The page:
Andrew: What’s the big smile for? What … oh, dude, birthday cake.

Graham: [??].

Andrew: Whose birthday?

Graham: [??] Charlie Scott at [??].com

Charlie Scott: My birthday.

Andrew: Hey …

Graham: Oh, yeah.

Andrew: Hey, Charlie. Happy birthday.

Charlie Scott: I’d offer you a piece too, but there’s only one left. [LAUGHTER]

Graham: So, much for no editing on this.

Andrew: No, no, we don’t edit. For people who are reading the transcript or listening to the MP3, we just saw Charlie come in with his birthday cake and share with Graham.

Graham: [??]

Andrew: OK, so, help me now understand how you figure out the next step of your life. This is a challenge, as some people can’t even get that first step, because they don’t have a framework for figuring out what to do. How did you do it? I want to learn from you.

Graham: Well, so at that point I realized I had the luxury of really choosing what I wanted to do. And society [inaudible] pretty extravagant [??] getting back on the bandwagon again, and working an 80-hour week, and doing another company. Absolutely. That’s a pretty standard approach to having sold your recent thing, is just to start working like a maniac doing the next thing. I guess I was sort of lucky because I’d just gone through this mid-life crisis thing, and I guess, I . . .

Andrew: And the counter weight goes down again, as the door opens. And there’s the counter weight going up. And the door’s closed.

Graham: So I really thought, you know, I’d like to do something a little more in line with my values, and while we had a great company that did very good work, that was very satisfying. We were mostly doing marketing sites for Microsoft, and I just thought there could be more to life.

Andrew: What’s your process for understanding that? Do you journal? Do you go to see a therapist? Do have endless conversations about, what if I do this, and what if I do that? What is the process?

Graham: I probably just thought a lot about it, I guess. I think generally, I sort of stumble along, and I think part of me has it all figured out. I’m just not fully aware of that. So that really . . . I’d been an environmentalist my whole life, in the background, from just growing up with techie parents and really being taught that way. And it was just sort of waiting to get out in a larger way when I really had an opportunity. A trip to the Galapagos with my ex, by the name of [??] Burr. We ended up reading this great book called, Beak of the Finch, by Jonathan Weiner, which is about evolution in the Galapagos. It was fascinating, and really got me into nature reading, the best of American science and nature books. And I just really got interested in that whole area, which brought me to Natural Capitalism, which I think was recommended by my friend, Jerek Harler [SP]. And that book really changed my life.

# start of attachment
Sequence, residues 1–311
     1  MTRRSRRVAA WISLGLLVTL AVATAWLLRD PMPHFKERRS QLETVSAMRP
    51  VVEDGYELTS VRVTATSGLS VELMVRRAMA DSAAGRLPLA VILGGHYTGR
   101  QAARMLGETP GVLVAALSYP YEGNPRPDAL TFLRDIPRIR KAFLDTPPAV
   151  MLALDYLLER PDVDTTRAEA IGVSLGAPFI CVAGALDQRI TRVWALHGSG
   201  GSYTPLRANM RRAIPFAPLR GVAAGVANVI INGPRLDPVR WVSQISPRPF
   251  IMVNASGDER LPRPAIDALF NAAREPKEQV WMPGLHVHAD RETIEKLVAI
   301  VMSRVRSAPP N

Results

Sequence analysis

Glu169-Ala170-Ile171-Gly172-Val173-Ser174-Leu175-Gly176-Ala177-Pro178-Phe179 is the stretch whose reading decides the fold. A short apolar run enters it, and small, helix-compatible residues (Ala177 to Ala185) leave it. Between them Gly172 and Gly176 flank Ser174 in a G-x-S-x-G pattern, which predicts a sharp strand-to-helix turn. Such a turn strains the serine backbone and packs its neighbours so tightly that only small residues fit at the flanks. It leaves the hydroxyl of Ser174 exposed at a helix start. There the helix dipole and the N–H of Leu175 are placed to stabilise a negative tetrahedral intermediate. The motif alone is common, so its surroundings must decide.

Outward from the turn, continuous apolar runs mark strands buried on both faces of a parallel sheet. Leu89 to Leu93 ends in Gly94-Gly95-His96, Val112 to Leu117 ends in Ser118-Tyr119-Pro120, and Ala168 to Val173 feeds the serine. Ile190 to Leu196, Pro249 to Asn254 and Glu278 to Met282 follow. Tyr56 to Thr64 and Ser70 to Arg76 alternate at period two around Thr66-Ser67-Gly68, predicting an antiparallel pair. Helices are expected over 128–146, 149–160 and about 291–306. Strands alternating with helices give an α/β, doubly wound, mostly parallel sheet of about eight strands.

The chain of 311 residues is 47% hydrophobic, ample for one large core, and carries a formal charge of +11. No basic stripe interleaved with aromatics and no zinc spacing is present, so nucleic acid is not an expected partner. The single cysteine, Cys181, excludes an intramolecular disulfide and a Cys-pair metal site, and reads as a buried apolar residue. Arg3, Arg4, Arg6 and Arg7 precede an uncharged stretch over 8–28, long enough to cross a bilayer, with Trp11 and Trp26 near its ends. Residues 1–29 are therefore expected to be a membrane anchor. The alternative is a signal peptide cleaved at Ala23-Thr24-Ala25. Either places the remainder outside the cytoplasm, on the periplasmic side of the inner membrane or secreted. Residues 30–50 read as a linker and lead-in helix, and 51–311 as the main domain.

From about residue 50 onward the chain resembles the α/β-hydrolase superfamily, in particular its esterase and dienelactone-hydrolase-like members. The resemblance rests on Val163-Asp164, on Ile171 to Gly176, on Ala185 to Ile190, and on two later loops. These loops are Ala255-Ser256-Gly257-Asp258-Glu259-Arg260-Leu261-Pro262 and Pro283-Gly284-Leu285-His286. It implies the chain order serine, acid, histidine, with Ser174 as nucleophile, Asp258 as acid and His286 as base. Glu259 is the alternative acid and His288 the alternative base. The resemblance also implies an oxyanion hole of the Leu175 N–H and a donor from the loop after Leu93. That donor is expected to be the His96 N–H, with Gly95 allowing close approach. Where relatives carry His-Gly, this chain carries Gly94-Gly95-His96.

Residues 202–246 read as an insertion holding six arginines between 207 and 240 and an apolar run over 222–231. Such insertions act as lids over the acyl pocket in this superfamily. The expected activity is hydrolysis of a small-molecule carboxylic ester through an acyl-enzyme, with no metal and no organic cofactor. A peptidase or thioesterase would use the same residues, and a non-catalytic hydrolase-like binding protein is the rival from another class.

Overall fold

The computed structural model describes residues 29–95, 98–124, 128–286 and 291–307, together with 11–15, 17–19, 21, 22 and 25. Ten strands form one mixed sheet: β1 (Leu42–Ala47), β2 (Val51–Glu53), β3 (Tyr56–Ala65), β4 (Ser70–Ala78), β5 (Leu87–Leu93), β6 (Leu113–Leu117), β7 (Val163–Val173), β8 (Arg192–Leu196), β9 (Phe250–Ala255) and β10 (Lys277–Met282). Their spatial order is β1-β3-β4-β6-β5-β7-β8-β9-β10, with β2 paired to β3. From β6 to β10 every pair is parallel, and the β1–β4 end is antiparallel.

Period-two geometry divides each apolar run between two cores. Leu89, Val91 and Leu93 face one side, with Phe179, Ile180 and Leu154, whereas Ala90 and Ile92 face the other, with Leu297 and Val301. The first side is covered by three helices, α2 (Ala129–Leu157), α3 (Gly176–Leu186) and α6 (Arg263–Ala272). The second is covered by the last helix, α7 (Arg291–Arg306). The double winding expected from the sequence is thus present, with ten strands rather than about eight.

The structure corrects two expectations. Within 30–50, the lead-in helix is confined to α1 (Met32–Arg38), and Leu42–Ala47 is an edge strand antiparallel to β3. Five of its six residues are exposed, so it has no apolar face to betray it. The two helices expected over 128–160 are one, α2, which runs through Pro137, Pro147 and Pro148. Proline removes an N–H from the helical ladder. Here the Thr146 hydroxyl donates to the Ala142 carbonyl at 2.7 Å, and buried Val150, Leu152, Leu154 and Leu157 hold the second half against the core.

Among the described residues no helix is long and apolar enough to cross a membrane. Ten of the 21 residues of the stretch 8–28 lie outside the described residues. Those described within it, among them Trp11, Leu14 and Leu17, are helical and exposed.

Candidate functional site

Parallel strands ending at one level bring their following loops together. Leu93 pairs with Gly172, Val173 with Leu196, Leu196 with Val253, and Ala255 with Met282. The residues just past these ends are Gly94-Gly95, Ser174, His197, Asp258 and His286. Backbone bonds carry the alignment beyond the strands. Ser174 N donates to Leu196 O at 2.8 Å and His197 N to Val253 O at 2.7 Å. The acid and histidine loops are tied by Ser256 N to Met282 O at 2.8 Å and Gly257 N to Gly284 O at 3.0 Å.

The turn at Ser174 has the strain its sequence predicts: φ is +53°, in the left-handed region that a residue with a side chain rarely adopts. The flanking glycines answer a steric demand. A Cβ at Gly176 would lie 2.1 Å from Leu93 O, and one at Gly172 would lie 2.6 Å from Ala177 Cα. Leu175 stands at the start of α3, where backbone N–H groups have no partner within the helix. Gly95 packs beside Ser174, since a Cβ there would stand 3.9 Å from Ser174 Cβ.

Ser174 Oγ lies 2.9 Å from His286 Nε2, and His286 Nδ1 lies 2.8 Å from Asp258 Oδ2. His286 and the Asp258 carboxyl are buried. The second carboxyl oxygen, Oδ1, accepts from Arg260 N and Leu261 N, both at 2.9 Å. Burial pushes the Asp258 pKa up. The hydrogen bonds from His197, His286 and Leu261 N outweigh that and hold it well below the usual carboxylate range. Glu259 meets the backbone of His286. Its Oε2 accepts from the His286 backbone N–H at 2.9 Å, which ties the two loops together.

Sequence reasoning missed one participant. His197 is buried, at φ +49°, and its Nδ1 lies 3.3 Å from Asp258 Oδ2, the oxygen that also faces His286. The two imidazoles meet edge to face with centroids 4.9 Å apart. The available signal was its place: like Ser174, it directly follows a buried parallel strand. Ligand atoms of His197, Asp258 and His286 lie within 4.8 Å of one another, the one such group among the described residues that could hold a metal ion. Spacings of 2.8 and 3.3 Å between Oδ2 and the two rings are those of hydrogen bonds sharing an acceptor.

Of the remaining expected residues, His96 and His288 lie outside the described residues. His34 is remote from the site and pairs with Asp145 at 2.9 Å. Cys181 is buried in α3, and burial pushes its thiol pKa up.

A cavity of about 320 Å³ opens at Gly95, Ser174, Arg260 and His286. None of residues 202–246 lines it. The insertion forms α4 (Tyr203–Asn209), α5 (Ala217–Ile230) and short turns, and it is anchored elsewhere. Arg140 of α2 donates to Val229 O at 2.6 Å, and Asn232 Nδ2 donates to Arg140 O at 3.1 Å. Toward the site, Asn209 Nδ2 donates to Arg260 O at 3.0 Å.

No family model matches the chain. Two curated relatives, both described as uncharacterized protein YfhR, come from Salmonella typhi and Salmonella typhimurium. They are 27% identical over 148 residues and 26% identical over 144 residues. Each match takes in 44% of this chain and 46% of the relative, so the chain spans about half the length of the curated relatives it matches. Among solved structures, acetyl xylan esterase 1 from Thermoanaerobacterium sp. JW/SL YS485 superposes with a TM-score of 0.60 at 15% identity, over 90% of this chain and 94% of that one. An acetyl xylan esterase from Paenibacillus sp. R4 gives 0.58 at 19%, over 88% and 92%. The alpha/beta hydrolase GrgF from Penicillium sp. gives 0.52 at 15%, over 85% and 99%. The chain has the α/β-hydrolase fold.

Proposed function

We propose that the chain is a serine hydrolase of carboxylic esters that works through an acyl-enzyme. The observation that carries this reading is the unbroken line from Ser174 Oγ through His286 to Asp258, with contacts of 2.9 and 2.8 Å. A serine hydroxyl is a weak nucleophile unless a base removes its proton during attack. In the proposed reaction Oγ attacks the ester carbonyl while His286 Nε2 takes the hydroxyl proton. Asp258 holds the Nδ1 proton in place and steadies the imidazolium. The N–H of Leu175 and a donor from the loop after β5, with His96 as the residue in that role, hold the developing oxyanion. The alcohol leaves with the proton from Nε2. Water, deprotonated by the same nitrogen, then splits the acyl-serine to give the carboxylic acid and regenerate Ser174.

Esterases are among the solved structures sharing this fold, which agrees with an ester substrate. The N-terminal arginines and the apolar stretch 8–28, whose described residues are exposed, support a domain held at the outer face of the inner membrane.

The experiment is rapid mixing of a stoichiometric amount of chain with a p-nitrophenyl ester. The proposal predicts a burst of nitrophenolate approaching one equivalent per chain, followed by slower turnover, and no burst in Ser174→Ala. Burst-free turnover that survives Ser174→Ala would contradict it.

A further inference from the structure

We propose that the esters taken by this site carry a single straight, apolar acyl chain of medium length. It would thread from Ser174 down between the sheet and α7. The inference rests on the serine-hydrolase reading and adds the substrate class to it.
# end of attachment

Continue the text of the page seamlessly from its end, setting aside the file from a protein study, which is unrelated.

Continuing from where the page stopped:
Andrew: Why?

Graham: Well, it’s a book basically about the environment, how bad things are, but about what an incredible opportunity there is, and how we need to change. It’s quite sales-ie and quite sorta rah, rah. But it’s saying, hey, there’s a new way of doing things. And you can do well by doing good. And there are lots of opportunities. But I think that got me pretty hyped on environmental stuff, and I was part of an environmental group in New York. That just sorta led me to green roofs. For awhile I was looking at that. Then I ended up doing a project for about a year where I tried to build a plant-based air filter. So I designed and built this thing where it would drive air through special soil in this planter, and basically, clean the air in your room. So that was sort of the initial thing. It didn’t end up working out that well. I wanted it too small and inexpensive and it was large and expensive. But it got me into green, and led me to Tree Huggers.

Andrew: OK. By the way, what we haven’t talked about is the steps that you had that you kinda alluded to earlier, the ceramic cups is what I’m getting at.

Graham: Yes, let me tell you about that. Just a minute, I’ll close the door.

Andrew: OK. Go for it. In fact, I can even start describing it to the audience. In New York there are these great looking paper cups that are so iconic that once you notice them you’re going to start spotting them in TV shows, and movies, that try to set the scene and say, these characters are in New York. It looks like the, there it is right there. ‘We are happy to serve you.’ Am I right that it’s Greek?

Graham: Yeah, it’s a Greek design. Yep. They used to be in all delis. Just like New York, it’s an icon of New York. If you watch carefully, TV show or movie, the cop coming in to survey the body, this is the cup that’s in the cop’s hand. And so, basically . . .

Andrew: You saw that design and you did what with it? When you saw those paper cups?

Graham: So, I was doing work on this air filter project, and I was down in Lima for about six weeks, working with factory aids, so I’d sit beside this guy, and basically I was working on the prototype, but I had all these design cycles, and this guy was making anything I wanted. So I did teapots, and teacups, and containers, planters–just tons of different things. And . . .

Andrew: Personally you’re doing them? By hand?